Monday, September 19, 2011

A Few Good Ones

I've been too busy jumping in circles at the news that I'm moving to Naples to stop and blog. My calves will look awesome by the time I calm down. I've managed to stand still long enough to cook a few things, so I'll play a quick catch-up now.

Sam Choy's Southpoint Chowder (pg 16 of Hawai'i Cuisine) was everything you'd want a seafood chowder to be: creamy, stuffed with critters (mussels, tilapia, shrimp, scallops, and bacon), and with the right amount of starch--in this case, white potato, sweet potato, and corn--to get just a bit with every bite of fish. This chowder perfectly balanced the sweet flavors with the fishy.
Conclusion: Loved it. Simple to make (since I used store-bought fish stock, instead of making my own), delicious, and filling. Oh, and it's Charlie-approved. For unknown reasons, he now refuses to eat shrimp, which he used to inhale, but through this dish, we discovered that he likes bay scallops. Score!

Sweet and Sour Pineapple Pork (pg 48) blew every Chinese take-out version of this clear out of the water. The difference is that, although it's sweet, it's not just sweet. I never taste a sour element when I order this. Homemade, it was sweet, sour, fruity, a touch spicy, and ginger and garlic lurked in background. Also, the pork was rolled in corn starch instead of being drowned in batter, which made it crisp and meaty, rather than doughy.
I used many dishes and it took a lot of prep work, but it was well worth the effort. I marinated, then deep fried the pork. While the pork marinated, I made sweet and sour sauce with a whole hodge-podge of ingredients. I knew vinegar and pineapple juice would be used, but there were several ingredients that surprised me, including ketchup, orange marmalade, and hot sauce. Wacky. Something tells me this is not a traditional Chinese dish, despite it's popularity in the States. Ha! I added the sauce and the pork to sauteed vegetables, and had found my new favorite way to cure a Chinese food craving.

Conclusion: Loved it. I'll never order sweet and sour pork again.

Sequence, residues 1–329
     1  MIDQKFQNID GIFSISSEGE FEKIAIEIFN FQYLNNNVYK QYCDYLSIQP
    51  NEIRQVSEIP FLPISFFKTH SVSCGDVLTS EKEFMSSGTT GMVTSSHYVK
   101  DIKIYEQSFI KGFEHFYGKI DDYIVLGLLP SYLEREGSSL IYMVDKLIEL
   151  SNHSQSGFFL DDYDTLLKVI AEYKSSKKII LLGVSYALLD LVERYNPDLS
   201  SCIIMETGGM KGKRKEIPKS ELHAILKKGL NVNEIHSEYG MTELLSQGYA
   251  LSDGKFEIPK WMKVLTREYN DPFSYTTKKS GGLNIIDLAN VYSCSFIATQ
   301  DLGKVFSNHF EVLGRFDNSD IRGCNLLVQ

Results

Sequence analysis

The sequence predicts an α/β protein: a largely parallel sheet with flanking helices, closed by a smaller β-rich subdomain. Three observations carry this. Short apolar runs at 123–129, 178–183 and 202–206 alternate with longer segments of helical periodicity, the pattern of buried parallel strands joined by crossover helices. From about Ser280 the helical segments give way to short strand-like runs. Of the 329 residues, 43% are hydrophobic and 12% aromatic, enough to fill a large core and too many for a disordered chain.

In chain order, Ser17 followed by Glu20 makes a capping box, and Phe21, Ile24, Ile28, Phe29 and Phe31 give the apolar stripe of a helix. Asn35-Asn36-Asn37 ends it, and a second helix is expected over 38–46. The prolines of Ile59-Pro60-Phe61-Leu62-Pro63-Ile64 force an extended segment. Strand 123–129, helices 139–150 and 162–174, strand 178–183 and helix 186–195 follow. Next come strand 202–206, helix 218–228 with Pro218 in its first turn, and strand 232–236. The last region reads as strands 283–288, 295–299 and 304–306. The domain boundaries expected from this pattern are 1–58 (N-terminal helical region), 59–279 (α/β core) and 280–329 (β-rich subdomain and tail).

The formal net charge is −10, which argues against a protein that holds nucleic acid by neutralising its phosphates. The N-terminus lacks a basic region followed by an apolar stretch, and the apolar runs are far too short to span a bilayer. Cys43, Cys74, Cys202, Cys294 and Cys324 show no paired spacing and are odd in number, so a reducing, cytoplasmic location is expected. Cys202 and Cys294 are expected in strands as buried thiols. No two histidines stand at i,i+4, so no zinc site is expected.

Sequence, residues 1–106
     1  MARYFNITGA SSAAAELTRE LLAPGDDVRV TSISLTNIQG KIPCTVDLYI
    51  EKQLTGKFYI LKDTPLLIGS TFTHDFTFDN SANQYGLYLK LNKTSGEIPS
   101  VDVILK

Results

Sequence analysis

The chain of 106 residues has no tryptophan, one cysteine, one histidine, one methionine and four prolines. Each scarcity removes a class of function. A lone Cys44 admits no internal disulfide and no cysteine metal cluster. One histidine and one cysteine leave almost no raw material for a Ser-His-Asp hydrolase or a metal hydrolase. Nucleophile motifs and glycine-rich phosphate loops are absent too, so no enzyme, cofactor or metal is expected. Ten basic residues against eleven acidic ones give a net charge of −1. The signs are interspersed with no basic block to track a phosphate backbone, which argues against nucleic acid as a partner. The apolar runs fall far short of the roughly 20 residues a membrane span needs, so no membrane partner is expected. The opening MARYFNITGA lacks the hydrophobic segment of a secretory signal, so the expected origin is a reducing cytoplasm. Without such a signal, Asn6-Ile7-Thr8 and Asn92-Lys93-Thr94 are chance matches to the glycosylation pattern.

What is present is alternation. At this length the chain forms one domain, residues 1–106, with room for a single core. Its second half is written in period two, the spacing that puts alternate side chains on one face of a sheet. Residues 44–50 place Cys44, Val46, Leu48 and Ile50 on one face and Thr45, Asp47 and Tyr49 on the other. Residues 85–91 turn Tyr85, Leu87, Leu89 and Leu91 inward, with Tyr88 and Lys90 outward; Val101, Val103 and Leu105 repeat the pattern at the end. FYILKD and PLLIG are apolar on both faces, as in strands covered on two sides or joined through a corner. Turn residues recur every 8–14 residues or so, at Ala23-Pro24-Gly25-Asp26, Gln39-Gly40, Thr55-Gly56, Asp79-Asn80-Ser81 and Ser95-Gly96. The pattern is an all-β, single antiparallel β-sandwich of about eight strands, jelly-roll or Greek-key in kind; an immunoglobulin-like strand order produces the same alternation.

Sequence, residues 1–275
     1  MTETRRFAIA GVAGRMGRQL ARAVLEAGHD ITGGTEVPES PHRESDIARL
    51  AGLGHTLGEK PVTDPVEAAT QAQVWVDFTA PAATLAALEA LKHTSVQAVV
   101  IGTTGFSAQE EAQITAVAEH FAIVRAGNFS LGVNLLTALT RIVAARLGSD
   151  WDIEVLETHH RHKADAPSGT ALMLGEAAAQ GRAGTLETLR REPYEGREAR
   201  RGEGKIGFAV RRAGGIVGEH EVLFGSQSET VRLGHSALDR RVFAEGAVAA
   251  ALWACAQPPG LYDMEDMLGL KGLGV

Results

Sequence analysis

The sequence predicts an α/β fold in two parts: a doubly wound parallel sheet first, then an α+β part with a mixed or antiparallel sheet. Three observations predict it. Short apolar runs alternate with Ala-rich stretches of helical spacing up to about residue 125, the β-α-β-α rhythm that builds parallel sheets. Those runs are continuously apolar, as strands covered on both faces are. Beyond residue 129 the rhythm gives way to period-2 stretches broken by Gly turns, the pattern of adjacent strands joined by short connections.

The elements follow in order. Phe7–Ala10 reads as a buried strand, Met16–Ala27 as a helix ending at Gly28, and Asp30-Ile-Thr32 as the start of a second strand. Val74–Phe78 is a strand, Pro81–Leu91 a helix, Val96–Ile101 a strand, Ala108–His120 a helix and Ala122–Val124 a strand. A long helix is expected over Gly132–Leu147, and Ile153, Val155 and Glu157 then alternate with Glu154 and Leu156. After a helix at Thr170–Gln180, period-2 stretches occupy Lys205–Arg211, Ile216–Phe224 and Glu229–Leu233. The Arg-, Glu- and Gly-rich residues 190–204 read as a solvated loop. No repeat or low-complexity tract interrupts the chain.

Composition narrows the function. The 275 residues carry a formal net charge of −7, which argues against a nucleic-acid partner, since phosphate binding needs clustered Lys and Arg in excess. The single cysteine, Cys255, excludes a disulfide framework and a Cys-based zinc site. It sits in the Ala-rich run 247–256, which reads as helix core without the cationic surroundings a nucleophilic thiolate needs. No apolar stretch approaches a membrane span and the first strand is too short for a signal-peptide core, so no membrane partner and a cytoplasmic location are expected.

My friend and I made plans for Saturday to watch Jane Eyre and whine about how much we hate Corpus Christi (despite my exciting next home, I still have to suffer another year here, and my friend will be here even longer. Blah.) Cheesecake Brownies (pg 195 of Ready For Dessert) seemed like a perfectly self-indulgent, woe-is-me kind of treat. They're exactly what they sound like: brownies topped with cheesecake.
A little bit of this brownie goes a looong way.
At room temperature or slightly cool, I would prefer to either have a brownie or cheesecake. The flavors and textures didn't really seem to gel. However, yesterday I froze the remaining brownies for some future dessert, per Lebovitz's suggestion. That future dessert came a few hours later, when I ate one straight from the freezer. The brownie and the cheesecake had frozen to the same chewy consistency. Fresh, the cheesecake was kind of light and airy, and didn't really stand up to the dense brownie. Frozen, they were equals.

Conclusion: Liked it.


  1. A bit off topic but... one of the most useful books I read before moving overseas was The Expert Expatriate by Melissa Brayer Hess and Patricia Linderman. I assume that the Navy is taking care of most of the logistics for you, but thought I would suggest it anyway.

  2. Oh man, that sweet and sour pork sounds awesome. Looks like this book is gonna be a winner!

  3. Thanks for the recommendation, oneexpatslife. The Navy handles the move and our flights and such, but we don't plan to live on base, so their usefulness sort of ends with our arrival there, apart from giving us a place to stay until we find a home. I'll check out the book. I'm sure it'll have something I can use in it!

  4. All three dishes look great! But, I especially like the sound of the first dish with the bay scallops!

  5. You are moving to Naples?! How fabulous! I'll take a little bit of each of these, please. :)